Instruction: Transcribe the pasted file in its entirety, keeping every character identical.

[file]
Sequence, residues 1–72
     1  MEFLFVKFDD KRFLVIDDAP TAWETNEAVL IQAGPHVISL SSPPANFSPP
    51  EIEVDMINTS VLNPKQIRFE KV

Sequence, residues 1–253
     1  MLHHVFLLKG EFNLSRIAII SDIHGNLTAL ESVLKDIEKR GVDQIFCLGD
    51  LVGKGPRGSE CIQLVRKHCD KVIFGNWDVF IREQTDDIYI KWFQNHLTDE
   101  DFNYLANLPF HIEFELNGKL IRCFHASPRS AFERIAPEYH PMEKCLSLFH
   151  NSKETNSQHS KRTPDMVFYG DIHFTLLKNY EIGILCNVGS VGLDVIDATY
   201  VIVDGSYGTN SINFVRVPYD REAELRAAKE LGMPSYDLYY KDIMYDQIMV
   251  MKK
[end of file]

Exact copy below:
Sequence, residues 1–72
     1  MEFLFVKFDD KRFLVIDDAP TAWETNEAVL IQAGPHVISL SSPPANFSPP
    51  EIEVDMINTS VLNPKQIRFE KV

Sequence, residues 1–253
     1  MLHHVFLLKG EFNLSRIAII SDIHGNLTAL ESVLKDIEKR GVDQIFCLGD
    51  LVGKGPRGSE CIQLVRKHCD KVIFGNWDVF IREQTDDIYI KWFQNHLTDE
   101  DFNYLANLPF HIEFELNGKL IRCFHASPRS AFERIAPEYH PMEKCLSLFH
   151  NSKETNSQHS KRTPDMVFYG DIHFTLLKNY EIGILCNVGS VGLDVIDATY
   201  VIVDGSYGTN SINFVRVPYD REAELRAAKE LGMPSYDLYY KDIMYDQIMV
   251  MKK